Do you want to know the secret to living a longer and healthier life?
Researchers have explored, to a largely successful degree, ways to prolong the healthy lifespan of worms, mice, and even monkeys.
Their work has revealed exciting new clues about the biology of aging. But solid evidence still shows that the best way to boost your chances of living a long and active life is to follow the advice you likely heard from your parents: eat well, exercise regularly, get plenty of sleep, and stay away from bad habits.
People born in the Uganda today can expect to live to an average age of about 63. Twenty years ago, life expectancy was about 40 years.
And now it is believed that if you make it to age 65, your likelikhood of living until 80 is very high. And if you make it to 85, the likelihood that you will make it to 92 is high. So people are living longer, and it is happening across the globe.
Older people tend to be healthier nowadays, too. Research has shown that certain behaviour can help you stay active and healthy into your 60s, 70s, and beyond.
In fact, a long-term study of Seventh-day Adventists, a religious group with a generally healthy lifestyle, shows that they tend to remain healthier into old age. Their life expectancy is nearly ten years longer on average than most individuals. The Adventists’ age-enhancing behaviour include regular exercise, a vegetarian diet, avoiding tobacco and alcohol, and maintaining a healthy weight.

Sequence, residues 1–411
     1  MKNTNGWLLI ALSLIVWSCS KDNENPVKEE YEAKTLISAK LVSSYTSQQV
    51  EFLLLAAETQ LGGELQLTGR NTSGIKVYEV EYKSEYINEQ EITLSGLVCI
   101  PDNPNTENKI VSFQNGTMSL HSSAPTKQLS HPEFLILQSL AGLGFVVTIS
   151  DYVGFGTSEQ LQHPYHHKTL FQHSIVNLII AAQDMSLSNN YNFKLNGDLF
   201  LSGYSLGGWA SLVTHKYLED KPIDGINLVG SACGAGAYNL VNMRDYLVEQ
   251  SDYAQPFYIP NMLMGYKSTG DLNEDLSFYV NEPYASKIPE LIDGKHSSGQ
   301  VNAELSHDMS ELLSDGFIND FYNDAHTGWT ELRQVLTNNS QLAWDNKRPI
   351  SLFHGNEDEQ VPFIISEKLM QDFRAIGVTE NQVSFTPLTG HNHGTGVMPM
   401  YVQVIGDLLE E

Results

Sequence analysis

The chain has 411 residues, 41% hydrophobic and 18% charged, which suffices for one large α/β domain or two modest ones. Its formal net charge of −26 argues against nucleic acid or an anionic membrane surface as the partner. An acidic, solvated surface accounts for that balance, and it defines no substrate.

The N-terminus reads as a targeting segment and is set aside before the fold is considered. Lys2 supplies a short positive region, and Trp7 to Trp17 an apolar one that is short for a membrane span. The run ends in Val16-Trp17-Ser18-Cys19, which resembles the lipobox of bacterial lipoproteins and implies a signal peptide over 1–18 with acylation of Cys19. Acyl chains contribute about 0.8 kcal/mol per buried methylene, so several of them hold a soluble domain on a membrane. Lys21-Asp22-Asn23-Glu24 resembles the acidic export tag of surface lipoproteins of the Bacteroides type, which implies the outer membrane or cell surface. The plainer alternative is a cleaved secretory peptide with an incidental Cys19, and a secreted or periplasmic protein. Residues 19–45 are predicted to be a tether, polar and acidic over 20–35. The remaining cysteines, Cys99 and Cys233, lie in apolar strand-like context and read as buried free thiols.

A big body of evidence from geriatric research shows that, if rank was given to behaviour in terms of priority, exercise would be the most important thing associated with living longer and healthier. Exercise is especially important for lengthening active life expectancy, which is life without disease and without physical and mental/ thinking disability.
Another sure way to improve your chances for a longer, healthier life is to shed excess weight.
Being obese with a body mass index (BMI) higher than 30 is a risk factor for early death, and it shortens your active life expectancy. BMI is an estimate of your body fat based on your weight and height.
Studies in animals have found that certain types of dietary changes such as extremely low-calorie diets can lead to longer, healthier lives.
These studies offer clues to the biological processes that affect healthy aging. But to date, calorie-restricted diets and other dietary changes have had mixed results in extending the healthy lives of people.
Not smoking is another pathway to a longer, healthier life. There is no question that smoking is a hard habit to break, so it is worthwhile making the effort to stop smoking too.
People used to say, ‘the older you get the sicker you get,’ but with common sense, healthy habits such as regular exercise, a healthy weight, avoiding red meat, not smoking, and managing stress, it can be ‘the older you get, the healthier you will be’.